The last line starts an HTTP server on port 8080, where requests to the server will be handled by the router, routed to the correct handler functions, and processed. The next step in the project will be creating the data models and database for the project.
Database & Models
More details on database configuration may be found on my other blog, How to Connect the Golang Application with MongoDB. As a point of reference, I mentioned the code’s snap. Check out Images 2, 3, and 4 below.
It’s always a good idea to start with a clear structure when building a program, and using a struct is a simple way to do that. In this case, the struct will be placed in the models directory. A struct is a custom data type that groups together related pieces of information. In this project, my struct contains two fields: Name and Age. You can see the code for this in Image 5. Here, In this project, the struct has two fields: Name and Age. The user’s name is contained in the field “Name,” a string that is marked with the tags “json:”name” and “bson:”name” to indicate that it should be serialized as “name” when the struct is converted between the JSON and BSON formats. The user’s age is stored in the field “Age,” which is an int. Additionally, it is marked with the tags json:”age” and bson:”age,” indicating that it should be serialized as “age” in the resulting JSON and BSON forms.
Creating the controller
In this section, I will guide you on how to write the code for the controller file. First, you need to import several packages as previously mentioned. Next, you will declare a variable named “Collection” of type “*mongo.Collection.” The output of using the function “database.UserData,” which takes in a “database.Client” variable and a string representing the collection’s name, is assigned to the “Collection” variable.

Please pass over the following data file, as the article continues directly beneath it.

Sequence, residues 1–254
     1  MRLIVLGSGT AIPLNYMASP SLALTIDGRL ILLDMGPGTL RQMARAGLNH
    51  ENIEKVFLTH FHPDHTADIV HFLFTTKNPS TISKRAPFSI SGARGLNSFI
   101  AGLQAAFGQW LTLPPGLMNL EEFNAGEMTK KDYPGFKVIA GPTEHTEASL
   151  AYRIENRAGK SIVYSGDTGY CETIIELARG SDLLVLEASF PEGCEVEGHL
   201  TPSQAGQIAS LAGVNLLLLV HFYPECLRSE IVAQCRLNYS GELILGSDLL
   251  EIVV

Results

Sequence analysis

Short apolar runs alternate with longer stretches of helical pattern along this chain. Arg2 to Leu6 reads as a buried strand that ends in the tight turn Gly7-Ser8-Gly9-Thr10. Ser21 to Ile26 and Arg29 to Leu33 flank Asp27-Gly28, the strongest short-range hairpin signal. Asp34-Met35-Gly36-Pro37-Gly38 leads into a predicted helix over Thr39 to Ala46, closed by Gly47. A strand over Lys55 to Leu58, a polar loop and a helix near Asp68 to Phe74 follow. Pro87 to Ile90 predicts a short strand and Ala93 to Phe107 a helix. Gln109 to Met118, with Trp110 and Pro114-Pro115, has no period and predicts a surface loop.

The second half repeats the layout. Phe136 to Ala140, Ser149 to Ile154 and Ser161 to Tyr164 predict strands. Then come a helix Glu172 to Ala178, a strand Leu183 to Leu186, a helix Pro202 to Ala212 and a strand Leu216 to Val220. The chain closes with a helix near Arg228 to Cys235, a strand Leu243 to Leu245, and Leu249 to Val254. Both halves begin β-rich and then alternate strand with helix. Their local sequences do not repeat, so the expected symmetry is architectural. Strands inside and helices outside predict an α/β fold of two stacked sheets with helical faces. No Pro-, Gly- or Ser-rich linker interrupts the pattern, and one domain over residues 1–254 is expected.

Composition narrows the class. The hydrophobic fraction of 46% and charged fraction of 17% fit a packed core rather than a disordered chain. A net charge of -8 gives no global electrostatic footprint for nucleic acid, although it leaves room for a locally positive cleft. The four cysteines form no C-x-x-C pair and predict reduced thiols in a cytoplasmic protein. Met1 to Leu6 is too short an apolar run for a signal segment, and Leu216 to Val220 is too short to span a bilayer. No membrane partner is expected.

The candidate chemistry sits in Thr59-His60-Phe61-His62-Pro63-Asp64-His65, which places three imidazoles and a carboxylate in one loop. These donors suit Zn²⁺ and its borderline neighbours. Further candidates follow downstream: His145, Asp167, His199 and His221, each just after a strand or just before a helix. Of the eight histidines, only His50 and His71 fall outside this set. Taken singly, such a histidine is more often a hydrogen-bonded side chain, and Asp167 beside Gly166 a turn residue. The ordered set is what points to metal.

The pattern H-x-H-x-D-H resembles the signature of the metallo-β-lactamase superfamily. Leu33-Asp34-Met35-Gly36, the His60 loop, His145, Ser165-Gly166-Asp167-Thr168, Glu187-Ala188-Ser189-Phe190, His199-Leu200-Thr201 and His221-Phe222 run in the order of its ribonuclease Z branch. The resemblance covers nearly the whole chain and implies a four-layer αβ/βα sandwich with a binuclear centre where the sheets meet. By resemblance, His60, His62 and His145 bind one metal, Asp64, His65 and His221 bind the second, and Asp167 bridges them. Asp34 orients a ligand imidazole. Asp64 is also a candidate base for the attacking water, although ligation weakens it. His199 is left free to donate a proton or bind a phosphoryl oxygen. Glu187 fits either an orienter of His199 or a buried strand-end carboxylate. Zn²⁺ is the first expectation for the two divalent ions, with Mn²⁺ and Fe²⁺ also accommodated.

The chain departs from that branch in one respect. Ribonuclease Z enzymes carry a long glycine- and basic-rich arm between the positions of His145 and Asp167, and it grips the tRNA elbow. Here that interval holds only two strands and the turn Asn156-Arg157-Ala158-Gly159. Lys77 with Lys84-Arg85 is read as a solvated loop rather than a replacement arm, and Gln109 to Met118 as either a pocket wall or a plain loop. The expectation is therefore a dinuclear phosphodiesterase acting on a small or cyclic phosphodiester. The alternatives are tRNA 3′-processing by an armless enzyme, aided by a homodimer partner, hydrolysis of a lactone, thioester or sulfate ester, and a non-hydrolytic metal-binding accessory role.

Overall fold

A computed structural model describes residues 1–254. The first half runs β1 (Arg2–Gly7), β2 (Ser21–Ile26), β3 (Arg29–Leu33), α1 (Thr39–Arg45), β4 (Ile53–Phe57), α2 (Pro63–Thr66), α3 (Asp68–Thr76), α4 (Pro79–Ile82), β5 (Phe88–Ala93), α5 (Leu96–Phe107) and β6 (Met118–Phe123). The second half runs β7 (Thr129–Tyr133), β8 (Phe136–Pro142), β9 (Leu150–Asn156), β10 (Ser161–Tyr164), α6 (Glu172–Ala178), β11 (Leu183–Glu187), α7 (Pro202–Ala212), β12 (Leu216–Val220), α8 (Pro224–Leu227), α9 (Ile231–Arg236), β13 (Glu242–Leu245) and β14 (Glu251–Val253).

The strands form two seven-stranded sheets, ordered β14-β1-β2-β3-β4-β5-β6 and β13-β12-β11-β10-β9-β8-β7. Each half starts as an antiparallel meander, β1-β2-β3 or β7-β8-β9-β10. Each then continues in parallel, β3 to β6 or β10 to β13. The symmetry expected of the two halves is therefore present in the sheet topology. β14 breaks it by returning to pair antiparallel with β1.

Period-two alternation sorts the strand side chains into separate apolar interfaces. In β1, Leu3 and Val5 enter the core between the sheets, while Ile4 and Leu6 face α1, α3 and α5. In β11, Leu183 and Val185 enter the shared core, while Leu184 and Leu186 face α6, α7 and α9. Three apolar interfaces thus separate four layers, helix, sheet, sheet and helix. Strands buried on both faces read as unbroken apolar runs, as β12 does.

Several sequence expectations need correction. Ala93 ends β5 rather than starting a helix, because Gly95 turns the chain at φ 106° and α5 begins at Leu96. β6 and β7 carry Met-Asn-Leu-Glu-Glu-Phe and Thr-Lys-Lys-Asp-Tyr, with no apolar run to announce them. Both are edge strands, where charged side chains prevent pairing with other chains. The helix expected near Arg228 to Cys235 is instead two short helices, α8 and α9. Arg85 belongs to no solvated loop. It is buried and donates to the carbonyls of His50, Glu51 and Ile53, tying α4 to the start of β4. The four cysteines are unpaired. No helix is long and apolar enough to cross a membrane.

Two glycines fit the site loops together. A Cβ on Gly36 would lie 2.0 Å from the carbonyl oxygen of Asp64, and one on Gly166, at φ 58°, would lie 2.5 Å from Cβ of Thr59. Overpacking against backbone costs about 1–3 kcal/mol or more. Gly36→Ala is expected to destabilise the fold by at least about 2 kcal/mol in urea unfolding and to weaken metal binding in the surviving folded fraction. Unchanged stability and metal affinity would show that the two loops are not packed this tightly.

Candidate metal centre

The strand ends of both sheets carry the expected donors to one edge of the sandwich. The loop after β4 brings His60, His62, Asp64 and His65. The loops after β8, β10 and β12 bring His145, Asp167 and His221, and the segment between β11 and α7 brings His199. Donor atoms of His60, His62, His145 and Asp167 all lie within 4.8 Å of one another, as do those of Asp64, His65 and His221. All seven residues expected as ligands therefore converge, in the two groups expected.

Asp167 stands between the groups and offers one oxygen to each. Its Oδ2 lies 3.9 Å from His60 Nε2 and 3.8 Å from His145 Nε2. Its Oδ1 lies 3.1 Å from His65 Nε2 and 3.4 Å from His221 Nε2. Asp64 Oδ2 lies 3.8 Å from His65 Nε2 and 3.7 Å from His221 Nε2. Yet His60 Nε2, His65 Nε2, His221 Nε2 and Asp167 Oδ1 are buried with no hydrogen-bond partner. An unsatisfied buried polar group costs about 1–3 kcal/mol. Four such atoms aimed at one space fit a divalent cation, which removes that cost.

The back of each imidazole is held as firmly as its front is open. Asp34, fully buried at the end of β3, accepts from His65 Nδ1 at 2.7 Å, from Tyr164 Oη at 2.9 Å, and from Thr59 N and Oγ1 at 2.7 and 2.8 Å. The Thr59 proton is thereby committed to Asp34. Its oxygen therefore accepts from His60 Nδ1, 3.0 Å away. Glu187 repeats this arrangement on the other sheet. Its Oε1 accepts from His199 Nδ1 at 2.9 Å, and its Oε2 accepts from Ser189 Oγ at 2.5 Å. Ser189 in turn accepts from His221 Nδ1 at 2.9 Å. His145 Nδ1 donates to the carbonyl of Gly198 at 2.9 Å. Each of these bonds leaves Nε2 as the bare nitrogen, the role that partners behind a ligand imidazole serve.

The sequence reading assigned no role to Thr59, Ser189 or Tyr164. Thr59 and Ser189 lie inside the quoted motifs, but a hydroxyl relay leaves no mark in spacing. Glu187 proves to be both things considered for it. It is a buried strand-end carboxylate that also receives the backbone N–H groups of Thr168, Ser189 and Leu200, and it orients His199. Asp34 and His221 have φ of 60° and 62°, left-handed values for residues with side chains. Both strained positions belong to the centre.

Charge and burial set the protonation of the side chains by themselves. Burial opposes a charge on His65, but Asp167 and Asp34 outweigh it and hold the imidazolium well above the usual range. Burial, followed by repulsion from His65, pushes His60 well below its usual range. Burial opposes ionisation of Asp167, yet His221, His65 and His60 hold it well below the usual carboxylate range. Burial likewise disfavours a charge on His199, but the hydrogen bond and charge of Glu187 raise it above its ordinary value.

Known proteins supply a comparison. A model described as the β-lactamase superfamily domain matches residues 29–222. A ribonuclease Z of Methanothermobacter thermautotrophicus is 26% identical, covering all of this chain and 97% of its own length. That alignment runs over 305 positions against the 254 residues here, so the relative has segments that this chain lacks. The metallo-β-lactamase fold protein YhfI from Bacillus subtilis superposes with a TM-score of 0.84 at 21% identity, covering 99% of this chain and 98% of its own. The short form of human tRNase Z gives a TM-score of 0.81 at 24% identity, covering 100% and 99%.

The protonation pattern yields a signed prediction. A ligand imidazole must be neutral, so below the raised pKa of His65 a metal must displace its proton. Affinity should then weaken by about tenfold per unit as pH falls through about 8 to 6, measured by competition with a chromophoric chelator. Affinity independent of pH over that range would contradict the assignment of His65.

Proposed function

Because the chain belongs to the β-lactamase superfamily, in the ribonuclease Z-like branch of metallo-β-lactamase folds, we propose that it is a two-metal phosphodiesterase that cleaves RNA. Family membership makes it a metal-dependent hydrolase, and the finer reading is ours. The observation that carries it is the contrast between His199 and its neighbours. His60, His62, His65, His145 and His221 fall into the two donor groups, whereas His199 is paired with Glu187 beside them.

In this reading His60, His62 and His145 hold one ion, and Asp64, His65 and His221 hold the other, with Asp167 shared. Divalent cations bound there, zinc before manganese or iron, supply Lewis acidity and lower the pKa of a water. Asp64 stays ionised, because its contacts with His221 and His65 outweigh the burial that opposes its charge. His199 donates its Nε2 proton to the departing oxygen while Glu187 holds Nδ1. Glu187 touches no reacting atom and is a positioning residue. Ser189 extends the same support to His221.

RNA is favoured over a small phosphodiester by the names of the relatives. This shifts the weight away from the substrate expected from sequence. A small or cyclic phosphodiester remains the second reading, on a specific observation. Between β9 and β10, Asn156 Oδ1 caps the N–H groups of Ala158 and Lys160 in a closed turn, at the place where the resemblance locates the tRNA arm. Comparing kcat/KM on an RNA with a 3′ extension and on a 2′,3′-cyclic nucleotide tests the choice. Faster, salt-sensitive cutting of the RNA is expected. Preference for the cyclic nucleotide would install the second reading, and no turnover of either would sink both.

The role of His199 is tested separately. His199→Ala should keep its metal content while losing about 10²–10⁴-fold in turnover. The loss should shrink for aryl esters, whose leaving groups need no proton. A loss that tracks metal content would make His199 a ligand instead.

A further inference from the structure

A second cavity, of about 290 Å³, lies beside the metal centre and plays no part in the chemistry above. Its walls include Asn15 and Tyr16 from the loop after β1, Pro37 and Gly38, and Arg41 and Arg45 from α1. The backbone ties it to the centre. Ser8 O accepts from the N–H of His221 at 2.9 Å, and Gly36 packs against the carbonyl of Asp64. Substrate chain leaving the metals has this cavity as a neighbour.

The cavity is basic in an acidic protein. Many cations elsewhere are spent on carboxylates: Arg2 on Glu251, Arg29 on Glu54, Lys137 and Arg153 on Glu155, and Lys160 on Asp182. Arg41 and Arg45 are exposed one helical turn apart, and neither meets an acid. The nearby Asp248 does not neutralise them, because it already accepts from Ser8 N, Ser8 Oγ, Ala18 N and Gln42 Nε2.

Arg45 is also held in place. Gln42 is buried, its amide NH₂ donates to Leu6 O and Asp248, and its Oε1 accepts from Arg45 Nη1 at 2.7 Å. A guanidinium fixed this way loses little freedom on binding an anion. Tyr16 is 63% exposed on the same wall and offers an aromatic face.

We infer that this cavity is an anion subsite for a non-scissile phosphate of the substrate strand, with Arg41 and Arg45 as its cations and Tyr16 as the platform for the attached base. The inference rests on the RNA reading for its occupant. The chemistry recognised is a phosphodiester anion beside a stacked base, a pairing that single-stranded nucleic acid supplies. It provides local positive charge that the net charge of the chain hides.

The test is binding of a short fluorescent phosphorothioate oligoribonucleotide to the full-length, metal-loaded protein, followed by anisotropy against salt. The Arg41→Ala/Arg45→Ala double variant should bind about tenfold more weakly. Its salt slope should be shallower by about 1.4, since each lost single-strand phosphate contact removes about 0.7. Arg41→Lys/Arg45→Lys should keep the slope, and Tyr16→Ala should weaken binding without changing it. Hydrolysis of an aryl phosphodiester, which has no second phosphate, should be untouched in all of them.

This helper function retrieves a collection from the database using the provided client and collection name. The “database.Client” variable serves as a client for a MongoDB database. By using the “Collection” variable, you can access the specified collection in the MongoDB database throughout the rest of the code and perform actions such as adding, modifying or deleting documents.
I also defined a function called “CreateUser” that handles HTTP POST requests. It has two parameters: “w,” an “http.ResponseWriter” interface used to write the HTTP response, and “r,” an “*http.Request” pointer representing the HTTP request. The function uses the “json.NewDecoder” function and the request body to create a new json.Decoder then declares a variable “user” of type “models.User” to store the decoded user data.
The function calls the “Decode” method on the decoder to decode the request body into the “user” variable. If an error occurs during this process, the function writes a “400 Bad Request” HTTP status code to the response and returns it. Otherwise, it calls the “InsertOne” method on the “Collection” variable to insert a new document into the collection.
If an error occurs while inserting the document, the function writes a “500 Internal Server Error” HTTP status code and the error message to the response and returns. If there are no errors, the function writes a “200 OK” HTTP status code to the response.
I have included the images of the Postman Application, which I used to test the API, and a snapshot of the collections in MongoDB Atlas for your reference. You can find these images as Image 7 and Image 8. I hope this blog post was helpful for your learning.